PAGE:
I’m not a psychologist, but I think anyone with a degree would admit that’s an amazingly healthy state of being. I for one am proud of Lipa for everything he’s been through and that instead of cracking up or going completely off the path, this is his response.

That’s why I think if you don’t understand Yiddish you must go to Lipa’s site and read the (loose) translations. Or better yet, sit with someone who does know Yiddish and break each line down. There is a lot to really enjoy lyrically. You will also better understand what I just wrote about the state of Lipa on this CD.

Each song will get an “Eh”, “Good”, “Great!” of “Perfect!!” for lyrics, composition, and arrangement.

1) Splash – AKA Mayim Rabim – Lyrics: Perfect! – Fried’s flavor with Lipa’s creativity and editing. Composition: Great! Arrangement: Perfect! Possibly the best arrangement on the CD.

2) Chosson Domeh Lemelech – Lyrics: Perfect! Composition: Good Arrangement: Good – The lyrics are great but I just don’t go crazy for Sephardic Lipa.

3) Meimka DLipa: – Lyrics: Great! Composition: Good. Arrangement: Good. – It’s a nice song, but just feels like a warm up that happens later on.

4) Mi Chochom: Lyrics: Good. Composition: Good. Arrangement: Eh – I’m pretty sure there is some kind of line somewhere about how a wise man is a silent man. I’ll leave it at that.

5) The Language of Music: – Lyrics: Good Composition: Eh Arrangement: Good. – Much more energy then preview track, but still not on par with upcoming songs.

6) Melech Malchei Hamlachim: Lyrics: Good Composition: Perfect! Arrangement: Eh. This song is the first song since the first track that really starts playing on all cylinders. This is the final warm up before the CD gets into full swing. But it does show that sometimes the arrangement can throw the song out of wack and in some cases Lipa needs to be edited, being that between a problematic arrangement and a vocal outing that is all over the place, a good song gets hurt.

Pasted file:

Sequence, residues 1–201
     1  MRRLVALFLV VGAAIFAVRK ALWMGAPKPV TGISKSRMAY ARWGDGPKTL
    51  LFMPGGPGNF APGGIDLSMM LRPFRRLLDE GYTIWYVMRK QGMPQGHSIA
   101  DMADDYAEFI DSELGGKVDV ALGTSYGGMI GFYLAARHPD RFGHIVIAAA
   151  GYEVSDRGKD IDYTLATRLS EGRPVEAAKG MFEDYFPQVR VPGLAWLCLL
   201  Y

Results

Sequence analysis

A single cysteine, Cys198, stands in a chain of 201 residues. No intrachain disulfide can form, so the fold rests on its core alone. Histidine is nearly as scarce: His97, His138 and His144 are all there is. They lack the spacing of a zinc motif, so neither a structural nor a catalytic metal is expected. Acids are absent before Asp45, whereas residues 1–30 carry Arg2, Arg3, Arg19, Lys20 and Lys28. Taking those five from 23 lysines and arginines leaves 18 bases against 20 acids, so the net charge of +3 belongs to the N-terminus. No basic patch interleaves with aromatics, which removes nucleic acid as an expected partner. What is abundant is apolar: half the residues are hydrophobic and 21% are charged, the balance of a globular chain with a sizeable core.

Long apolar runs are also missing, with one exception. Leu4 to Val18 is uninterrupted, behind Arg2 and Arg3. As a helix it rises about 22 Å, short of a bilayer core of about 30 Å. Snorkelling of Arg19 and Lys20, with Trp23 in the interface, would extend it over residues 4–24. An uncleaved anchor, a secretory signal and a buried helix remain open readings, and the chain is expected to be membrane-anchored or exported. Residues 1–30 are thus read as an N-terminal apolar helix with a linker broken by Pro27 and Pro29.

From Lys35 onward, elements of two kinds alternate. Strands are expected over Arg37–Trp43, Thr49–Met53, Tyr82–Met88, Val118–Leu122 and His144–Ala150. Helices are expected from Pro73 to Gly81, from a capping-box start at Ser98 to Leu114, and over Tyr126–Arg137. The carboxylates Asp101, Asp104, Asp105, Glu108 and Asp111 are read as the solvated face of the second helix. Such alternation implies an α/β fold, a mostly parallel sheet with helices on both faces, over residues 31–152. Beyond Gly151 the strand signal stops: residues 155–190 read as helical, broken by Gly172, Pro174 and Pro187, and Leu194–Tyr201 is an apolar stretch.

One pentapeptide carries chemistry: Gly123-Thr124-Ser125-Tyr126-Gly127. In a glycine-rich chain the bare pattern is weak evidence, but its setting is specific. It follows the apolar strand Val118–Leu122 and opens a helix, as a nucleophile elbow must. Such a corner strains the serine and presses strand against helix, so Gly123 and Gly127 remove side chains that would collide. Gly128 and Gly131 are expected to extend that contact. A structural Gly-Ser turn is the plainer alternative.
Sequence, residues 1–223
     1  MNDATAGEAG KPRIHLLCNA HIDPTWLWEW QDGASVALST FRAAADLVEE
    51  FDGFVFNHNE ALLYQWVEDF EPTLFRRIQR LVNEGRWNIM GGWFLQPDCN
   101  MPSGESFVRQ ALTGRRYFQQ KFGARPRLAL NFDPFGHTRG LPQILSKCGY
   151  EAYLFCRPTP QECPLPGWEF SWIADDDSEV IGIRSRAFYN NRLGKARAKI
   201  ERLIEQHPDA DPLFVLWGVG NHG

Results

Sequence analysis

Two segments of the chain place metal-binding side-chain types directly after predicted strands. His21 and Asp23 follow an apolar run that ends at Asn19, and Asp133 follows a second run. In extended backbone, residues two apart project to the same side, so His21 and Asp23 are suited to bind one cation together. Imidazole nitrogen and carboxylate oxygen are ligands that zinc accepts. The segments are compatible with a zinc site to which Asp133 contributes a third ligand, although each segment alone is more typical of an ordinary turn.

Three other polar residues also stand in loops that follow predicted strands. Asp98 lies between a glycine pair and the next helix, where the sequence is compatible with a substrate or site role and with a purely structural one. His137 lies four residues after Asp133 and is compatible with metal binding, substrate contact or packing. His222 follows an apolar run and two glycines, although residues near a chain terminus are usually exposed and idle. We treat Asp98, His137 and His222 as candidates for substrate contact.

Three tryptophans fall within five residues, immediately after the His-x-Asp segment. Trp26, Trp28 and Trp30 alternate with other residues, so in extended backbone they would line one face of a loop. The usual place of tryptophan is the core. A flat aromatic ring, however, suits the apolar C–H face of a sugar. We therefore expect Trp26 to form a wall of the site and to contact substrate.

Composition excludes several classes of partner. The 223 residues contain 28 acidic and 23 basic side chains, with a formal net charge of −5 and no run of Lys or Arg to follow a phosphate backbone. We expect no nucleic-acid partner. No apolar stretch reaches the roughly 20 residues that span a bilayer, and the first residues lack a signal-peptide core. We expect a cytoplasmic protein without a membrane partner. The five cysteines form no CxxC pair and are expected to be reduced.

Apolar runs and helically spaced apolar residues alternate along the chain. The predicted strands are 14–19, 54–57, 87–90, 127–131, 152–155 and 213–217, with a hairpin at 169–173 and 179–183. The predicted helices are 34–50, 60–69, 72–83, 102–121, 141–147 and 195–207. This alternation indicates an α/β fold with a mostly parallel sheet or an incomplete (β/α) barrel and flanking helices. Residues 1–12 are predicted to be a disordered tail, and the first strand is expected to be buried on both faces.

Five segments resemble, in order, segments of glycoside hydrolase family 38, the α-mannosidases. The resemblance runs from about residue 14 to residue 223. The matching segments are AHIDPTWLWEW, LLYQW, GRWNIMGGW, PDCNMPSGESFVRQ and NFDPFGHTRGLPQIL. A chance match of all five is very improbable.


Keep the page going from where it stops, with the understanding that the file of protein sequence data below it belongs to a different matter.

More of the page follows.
7) Ich Hab Gechapt. Lyrics: Great! Composition: Great! Arrangement: Perfection!! – Finally, Lipa’s playful side comes out to play. A wonderful Yossi Green Klezmer track, with a creative and juicy arrangement, shticky lyrics, and positive message. Yossi shines in 8th note style, and Lipa is adorable. Kids choir is used perfectly. Yossi also has some of the best lines like the perfect “Lipa, Hehr Off Tzu Cholemin!” Isn’t that the truth? Lipa is a dreamer, and I hope he never stops!

8) Mizmor Lesoda: Lyrics: Great! Composition: Great! Arrangement: Perfection!! – While the composition is awesome, it’s the arrangement that makes this song just ooze with energy. This song will be a cocnert staple and first dance mainstay for years and years to come. It’s probably one of the few authentic, Chassidic Rock songs and Katina’s guitar solo on this track would make Yossi Piamenta blush.

9) Vaanpa Nehirin: Lyrics:Perfection!! Composition: Great! Arrangement: Great! Motti Illowitz was getting a bit of a reputation as someone who only delivers solid fast songs like Yener and Bayis Neeman B’Yisroel. I guess Motti wanted us all to know he can compose a song that reaches deep into your soul and tugs your heartstrings along with the best of them. Motti does just that. This song while not being as crazy as some of Lipa’s other slow songs, is just what the doctor ordered after the heavy rock course the track before. The song uses beautiful lyrics from Friday Night Shabbos davening in the Kegavneh.